Spiders have bitten me, stalked me, and performed trapeze acts on silken drag lines above my horrified face. These creepy crawlers have even become entangled in my hair! So, I have morphed into a squealing, spineless, and skittish arachnophobe. Since there’s no Bible passage that forbids justifiably killing pests, my mantra is eight legs and you’re flat.
Only spiders that are squatters in my home are squashed. If they’re strutting their stuff near me, I grab something suitable for swift and humane extermination. I drop it, jump on it, and trash it–unless it’s my husband Michael’s shoes. I’ve created lots of freestyle art on the soles of his sneakers with the little buggers.
Just the thought of spiders makes me squeamish. The lightest touch on my skin causes me to spasm into an electrocution-style break dance. I madly slap myself wherever I can reach in case one is prowling my flesh for a juicy injection site.
And, good Lord in Heaven, if I a spider ambushes me, I’ll scream, “Hurry, it’s M-O-O-V-I-N-G!” Michael will saunter over, take note of its size, and squeeze it between his thumb and index finger.
To which I respond, “You may never EVER touch me again!” But I’m relieved there’s one less spider in the house, one less spider in the world, and one less spider reproducing hundreds–maybe thousands–more spiderlings.
But the spider is truly one of God’s amazing creatures. Spider experts agree they’re incredible engineers that spin extraordinary webs that trap destructive insects. They devour disease carrying pests like flies that frolic in poop before trudging through your oatmeal. Spiders balance the ecosystem and make houses bio-diverse so they’re not overrun by other pests–just butt-ugly spiders.
Their four pairs of alien eyes, their fury fangs, and their turret heads make them look like freaking monsters. Since many have such poor vision, they’re intentions aren’t to attack people. Yeah, right. They won’t bite unless provoked. Uh huh. The world is a better place to live because of their presence. Yup. So, can these mostly harmless house spiders live in my underwear drawer? Nope.
I’m a compassionate arachnophobe and catch nonthreatening spiders in a container. Before its fragile hydraulic legs overpower my death grip on the lid, I sprint to the door and fling it outside. This act of mercy allows the critter to bear it’s proper place in the food chain: spiders eat bugs; birds eat spiders, etc.
But then I learned that this isn’t always the case. According to arachnologists, most house spiders will die quickly when exposed to the elements and outdoor predators. So, eat hearty, you soft and fluffy little song birds!
Certain spiders are cannibalistic, so a few lurking in the shadows feasting on young tender spiders and snacking on dead crunchy ones is tolerable. Some spiders will devour their mates and their offspring, and the offspring may eat one another–or their mother! Hopefully, only one morbidly obese spider will prevail.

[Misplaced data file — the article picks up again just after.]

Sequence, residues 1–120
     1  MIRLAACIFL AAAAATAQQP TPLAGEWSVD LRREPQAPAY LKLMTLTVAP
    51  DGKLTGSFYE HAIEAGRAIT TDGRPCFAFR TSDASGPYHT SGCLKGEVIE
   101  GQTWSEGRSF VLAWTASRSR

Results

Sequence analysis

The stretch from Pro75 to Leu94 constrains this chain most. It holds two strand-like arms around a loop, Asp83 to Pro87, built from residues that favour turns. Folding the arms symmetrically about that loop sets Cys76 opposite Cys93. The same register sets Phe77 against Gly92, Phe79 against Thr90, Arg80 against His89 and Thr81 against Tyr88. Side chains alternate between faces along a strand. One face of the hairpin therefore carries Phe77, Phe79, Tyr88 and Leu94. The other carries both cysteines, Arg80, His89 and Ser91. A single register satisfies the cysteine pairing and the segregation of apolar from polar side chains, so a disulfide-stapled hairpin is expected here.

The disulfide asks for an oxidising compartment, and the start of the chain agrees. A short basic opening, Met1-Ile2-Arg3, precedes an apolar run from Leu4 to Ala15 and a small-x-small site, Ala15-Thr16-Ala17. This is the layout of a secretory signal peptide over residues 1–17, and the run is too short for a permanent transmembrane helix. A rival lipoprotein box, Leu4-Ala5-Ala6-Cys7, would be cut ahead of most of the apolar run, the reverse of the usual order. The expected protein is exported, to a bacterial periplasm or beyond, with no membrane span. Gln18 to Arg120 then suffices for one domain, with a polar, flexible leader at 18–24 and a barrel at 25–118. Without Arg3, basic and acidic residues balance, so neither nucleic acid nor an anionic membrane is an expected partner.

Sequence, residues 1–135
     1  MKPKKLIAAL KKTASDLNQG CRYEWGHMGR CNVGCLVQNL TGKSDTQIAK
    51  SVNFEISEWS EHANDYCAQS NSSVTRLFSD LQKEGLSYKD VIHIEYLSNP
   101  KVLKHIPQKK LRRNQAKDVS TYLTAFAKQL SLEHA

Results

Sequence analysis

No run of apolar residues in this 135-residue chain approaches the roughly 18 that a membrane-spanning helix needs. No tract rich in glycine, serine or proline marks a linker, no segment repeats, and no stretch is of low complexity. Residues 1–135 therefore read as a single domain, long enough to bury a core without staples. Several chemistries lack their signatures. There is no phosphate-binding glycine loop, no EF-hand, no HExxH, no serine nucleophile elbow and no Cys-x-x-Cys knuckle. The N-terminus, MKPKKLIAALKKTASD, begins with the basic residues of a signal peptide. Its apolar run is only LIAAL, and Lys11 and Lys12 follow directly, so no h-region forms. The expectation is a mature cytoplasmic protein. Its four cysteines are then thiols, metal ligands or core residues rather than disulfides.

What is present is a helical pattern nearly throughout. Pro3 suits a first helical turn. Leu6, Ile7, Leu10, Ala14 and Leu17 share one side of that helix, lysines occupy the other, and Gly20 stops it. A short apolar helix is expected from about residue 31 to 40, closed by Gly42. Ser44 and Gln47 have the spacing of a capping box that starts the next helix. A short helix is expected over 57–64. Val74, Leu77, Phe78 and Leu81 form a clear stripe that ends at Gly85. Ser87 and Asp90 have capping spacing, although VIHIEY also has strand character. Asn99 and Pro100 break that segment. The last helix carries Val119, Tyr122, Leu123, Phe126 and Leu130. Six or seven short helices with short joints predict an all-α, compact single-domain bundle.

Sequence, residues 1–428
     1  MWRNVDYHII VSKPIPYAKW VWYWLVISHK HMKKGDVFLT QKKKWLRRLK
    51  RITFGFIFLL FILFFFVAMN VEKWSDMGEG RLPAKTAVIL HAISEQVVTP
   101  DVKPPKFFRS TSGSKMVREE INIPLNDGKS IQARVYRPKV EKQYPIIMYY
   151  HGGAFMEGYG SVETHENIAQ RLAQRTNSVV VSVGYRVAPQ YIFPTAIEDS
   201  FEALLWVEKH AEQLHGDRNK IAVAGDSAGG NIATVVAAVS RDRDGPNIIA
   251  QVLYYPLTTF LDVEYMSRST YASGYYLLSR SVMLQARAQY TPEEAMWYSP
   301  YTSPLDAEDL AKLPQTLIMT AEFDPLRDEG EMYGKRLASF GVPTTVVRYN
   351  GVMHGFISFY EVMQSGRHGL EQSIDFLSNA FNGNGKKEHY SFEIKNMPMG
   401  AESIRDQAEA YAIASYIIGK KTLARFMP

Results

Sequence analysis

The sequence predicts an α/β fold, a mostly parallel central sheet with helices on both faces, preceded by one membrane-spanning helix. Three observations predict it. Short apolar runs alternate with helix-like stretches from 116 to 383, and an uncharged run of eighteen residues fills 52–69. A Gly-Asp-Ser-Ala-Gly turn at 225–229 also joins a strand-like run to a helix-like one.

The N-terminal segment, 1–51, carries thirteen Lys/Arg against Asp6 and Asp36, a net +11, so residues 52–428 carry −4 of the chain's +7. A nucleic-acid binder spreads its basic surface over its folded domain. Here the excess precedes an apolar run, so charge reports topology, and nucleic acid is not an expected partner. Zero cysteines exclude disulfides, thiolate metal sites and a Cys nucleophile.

If I make my house an unfriendly environment for these bloodthirsty cannibals, it will discourage nesting. Cobwebs, clutter, and debris must be removed. Wet towels should be hung to dry so as not to attract thirsty spiders. And regularly vacuuming carpets will reduce their banquet of bugs. I tried. I failed.
I had eased an upright vacuum over a web in a corner with an arachnid slurping liquefied bug contents. But it didn’t rattle up the hose. Instead, the beater bar flung the armored beast through the air. It thudded off my terror-crazed face, catapulted across the room, and galloped away. I will live in filth.
Some cultures are blessed to have spiders to eat. The Piaroa Indians of Venezuela feast on steamed Goliath tarantulas and use their fangs as toothpicks! Cambodians eat fried spiders. Mexican street vendors sold tarantula tacos before it became illegal. If drive-thrus offered spider sliders, fast food junkies would likely scarf them up with fiery hot sauce.
Sometimes I startle spiders and they hide. Sometimes I dodge spiders dangling on silken drag lines and they scramble back up. And sometimes vibrations confuse spiders and cause them to dart in all directions. They have anthropophobia (fear of people) so their mantra is surely two legs and I’m flat! Aw….
“God made every kind of wild animal, every kind of tame animal, and every kind of thing that crawls on the ground. God saw that it was good.“(Genesis 1:25, NAB)
Stripe Knee Tarantula
The handler for this “gorgeous spider with a calm personality” was kind enough to hold it for a pose. Then it pounced toward me and I fell backward. The tarantula had a justifiable reason to protect itself from squatters in its home.
I posed this one. Ha, ha! To make this delicacy for the refined palate of the fast food aficionado, add generous amounts of hot sauce, mustard, onions, tomatoes, pickles, and cheese. Toast with a blow torch.
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